4th Internet, Law and Politics Congress (I). Eben Moglen: Living Apart Together: Social Networking in the Free World

Notes from the 4th Internet, Law and Politics Congress.
Session I

Opening

Eduard Aibar, Vice-President of Research, Universitat Oberta de Catalunya

Pere Fabra, Dean School of Law and Political Science, Universitat Oberta de Catalunya

Jordi Bosch, Head of the Telecommunicacions and Information Society Department, Government of Catalonia

Keynote speech
Eben Moglen
Living Apart Together: Social Networking in the Free World

Capitalism produces inherently defective technology, mainly because of the short sightedness of the whole process. Global heating and the combustion engine being one of the most present short sightedness examples of capitalism today.

Social networking software might be at stake and be another good example of such defective technology, which will potentially cause social harm in the future as these technologies will deviate from appropriate, optimum, goals.

The Net was created with a socialist ideology: Absence of advertising, absence of surveillance, absence of tracking what one was doing (reading, writing) on the Net, a collaborative philosophy. The Wikipedia is the best example of those principles put in practice.

Social Networking Software (SNS) are tools, owned by private capital, to subvert the essence of the Net for the benefit of capitalism and its capitalists: to include advertising, to add surveillance devices, to know who read what and when, and to focus on the individual and not the community.

Eben Moglen
Eben Moglen

SNS are, technically, but content management systems (CMS), and are hence not so revolutionary neither in their concept nor in their design. Actually, all the technologies and devices used are freely available to anyone so that many other SNSs can be built at will… without the need to give away your data to the people that are now managing them.

But the fact is that web server managers are using web server logs to watch all the traces a user leaves on a web server — actually, yet another subversion of the socialist design behind the web: web server logs where intended to optimize software and bandwidth use, not for user surveillance —. And datamining is born.

So a model of you — and not a model of people, but a model of you is drawn each and every day. So the whole interest of capitalism in technology is to stimulate purchases and so increase sales.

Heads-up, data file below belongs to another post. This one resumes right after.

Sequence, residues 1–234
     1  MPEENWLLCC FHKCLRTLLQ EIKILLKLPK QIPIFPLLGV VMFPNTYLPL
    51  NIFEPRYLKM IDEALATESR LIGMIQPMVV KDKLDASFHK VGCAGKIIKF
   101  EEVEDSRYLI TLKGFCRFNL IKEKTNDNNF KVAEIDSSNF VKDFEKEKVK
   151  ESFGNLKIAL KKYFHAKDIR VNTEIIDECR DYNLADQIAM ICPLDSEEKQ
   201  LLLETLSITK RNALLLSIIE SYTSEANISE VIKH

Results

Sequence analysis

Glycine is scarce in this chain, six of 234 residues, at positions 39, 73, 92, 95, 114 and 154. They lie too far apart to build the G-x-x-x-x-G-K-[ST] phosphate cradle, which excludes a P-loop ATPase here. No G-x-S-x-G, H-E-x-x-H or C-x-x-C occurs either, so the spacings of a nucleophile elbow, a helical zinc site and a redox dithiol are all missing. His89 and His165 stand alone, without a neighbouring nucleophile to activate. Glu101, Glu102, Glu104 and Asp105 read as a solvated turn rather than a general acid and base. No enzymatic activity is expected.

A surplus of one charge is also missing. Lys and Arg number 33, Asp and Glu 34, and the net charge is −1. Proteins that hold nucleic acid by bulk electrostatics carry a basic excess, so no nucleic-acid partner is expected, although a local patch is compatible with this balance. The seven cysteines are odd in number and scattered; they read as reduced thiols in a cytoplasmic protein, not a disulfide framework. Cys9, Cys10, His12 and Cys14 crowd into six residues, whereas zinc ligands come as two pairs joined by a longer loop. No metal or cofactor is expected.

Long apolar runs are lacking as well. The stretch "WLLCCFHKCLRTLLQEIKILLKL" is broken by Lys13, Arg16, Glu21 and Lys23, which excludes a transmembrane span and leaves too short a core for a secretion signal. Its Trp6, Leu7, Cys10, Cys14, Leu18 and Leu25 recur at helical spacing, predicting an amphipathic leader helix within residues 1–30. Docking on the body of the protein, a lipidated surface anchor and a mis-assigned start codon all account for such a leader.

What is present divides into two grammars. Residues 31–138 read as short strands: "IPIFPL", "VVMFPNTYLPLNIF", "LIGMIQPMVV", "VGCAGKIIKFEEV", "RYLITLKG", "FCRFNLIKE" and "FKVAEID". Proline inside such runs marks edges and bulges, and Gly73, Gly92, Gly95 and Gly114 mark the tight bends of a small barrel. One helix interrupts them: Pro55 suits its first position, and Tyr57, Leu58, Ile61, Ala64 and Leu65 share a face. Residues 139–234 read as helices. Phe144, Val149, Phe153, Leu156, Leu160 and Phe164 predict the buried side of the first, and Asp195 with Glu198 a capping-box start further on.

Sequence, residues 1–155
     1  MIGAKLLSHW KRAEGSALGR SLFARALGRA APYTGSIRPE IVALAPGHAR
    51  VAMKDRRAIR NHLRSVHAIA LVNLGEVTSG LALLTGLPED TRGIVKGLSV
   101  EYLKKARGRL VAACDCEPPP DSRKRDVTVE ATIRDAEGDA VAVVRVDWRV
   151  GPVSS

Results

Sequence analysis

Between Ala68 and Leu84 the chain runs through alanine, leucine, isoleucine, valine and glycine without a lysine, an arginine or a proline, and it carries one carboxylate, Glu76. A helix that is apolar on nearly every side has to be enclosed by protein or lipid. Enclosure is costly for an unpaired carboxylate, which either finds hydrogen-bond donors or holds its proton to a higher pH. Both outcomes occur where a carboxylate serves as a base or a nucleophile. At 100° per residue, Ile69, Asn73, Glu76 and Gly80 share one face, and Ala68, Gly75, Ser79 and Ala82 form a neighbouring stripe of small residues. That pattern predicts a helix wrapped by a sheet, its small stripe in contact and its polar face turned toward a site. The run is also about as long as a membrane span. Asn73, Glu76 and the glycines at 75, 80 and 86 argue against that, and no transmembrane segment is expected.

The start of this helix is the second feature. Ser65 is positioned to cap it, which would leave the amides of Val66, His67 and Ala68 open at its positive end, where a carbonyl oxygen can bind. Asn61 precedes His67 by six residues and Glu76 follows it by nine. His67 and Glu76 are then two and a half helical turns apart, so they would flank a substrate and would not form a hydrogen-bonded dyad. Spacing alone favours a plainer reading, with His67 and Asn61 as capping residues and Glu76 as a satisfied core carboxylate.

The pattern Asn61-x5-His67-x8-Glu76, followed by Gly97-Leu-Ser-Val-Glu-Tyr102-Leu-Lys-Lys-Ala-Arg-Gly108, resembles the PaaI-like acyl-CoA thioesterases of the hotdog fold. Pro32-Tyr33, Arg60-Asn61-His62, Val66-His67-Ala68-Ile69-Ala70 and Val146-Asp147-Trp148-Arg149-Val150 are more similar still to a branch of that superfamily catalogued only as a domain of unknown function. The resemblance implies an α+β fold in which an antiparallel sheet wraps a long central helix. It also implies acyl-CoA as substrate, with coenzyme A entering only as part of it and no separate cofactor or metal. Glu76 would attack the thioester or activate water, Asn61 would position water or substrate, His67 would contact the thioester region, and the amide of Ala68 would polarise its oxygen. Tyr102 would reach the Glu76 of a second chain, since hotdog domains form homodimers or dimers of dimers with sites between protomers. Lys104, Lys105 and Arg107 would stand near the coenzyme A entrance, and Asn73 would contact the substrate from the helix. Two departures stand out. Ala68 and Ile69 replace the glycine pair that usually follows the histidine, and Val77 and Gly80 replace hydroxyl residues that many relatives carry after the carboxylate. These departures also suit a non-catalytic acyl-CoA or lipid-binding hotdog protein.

So, instead of helping people get their own SNSs on their own web servers, a faustian bargain is made where “free” access to “free” software is given in exchange of personal data… and promise of future purchases. And how do you keep anything secret from anyone?

We should be aware that there is no technical need to keep on with on with this way of behaving, but just convenience, where convenience means you don’t have to think, and others are about to think about you without any restriction.

It’s just possible that in a near future, the possibility of wiping out advertising from web pages — as some web browsers are increasingly trying to — will take off. And then, the Web 2.0 hype will be over, as there’ll be no business to be done by providing “free” web spaces to everyone.

On the other hand, the actual business model of SNSs is not only challenging citizenry privacy, but also the business model of telecoms, whose business of moving along chunks of data, bits and bytes, is no more profitable, and their shift towards premium content is blocked by big media companies that do own content and are investing in alternative ways of distributing it by circumventing telecoms: SNSs.

Q&A

Me: how do we face sustainability of these desirable services if we take out ads and/or paying with our data? EM: The free software model, or the Wikipedia model can help in this. Me: but where’s the limit of volunteer responsibility and commitment? EM: It’s just that we don’t need any business model. In a socialist world, and with existing technology, we can bring good services in other ways and keeping out of the equation the gatekeepers, that insist in wanting to have “their” money.

Mónica Ariño: next step?

EM: Making people aware of the faustian bargain, of what’s been done with their lives without their consent and in constant secrecy. So, what’s the programme of the revolution? The first step is won: free software is a real possibility. Next step is the deterioration of media control, ISPs (“the switches”) control, etc. We have to end the ownership of culture. We have to end network operators. We have to reach an advanced step of development with the ability of every citizen to send and receive information in equal conditions.

Carlos Alonso: how do we spread this ideology all over the rest of socioeconomic sectors… and in a brief period of time (not in 200 years, like the industrial revolution)? EM: There’s a good amount of products and services that are produced at a non zero cost but copied, distributed and consumed at zero cost. So the model does already work. And where products are produced at zero cost, the answer is even more valid. And if we include the long run in the equation, it does fit even better. Because, are we talking about social benefit, profit or greed?

4th Internet, Law and Politics Congress (2008)

If you need to cite this article in a formal way (i.e. for bibliographical purposes) I dare suggest:

Peña-López, I. (2008) “4th Internet, Law and Politics Congress (I). Eben Moglen: Living Apart Together: Social Networking in the Free World” In ICTlogy, #57, June 2008. Barcelona: ICTlogy.
Retrieved month dd, yyyy from http://ictlogy.net/review/?p=737

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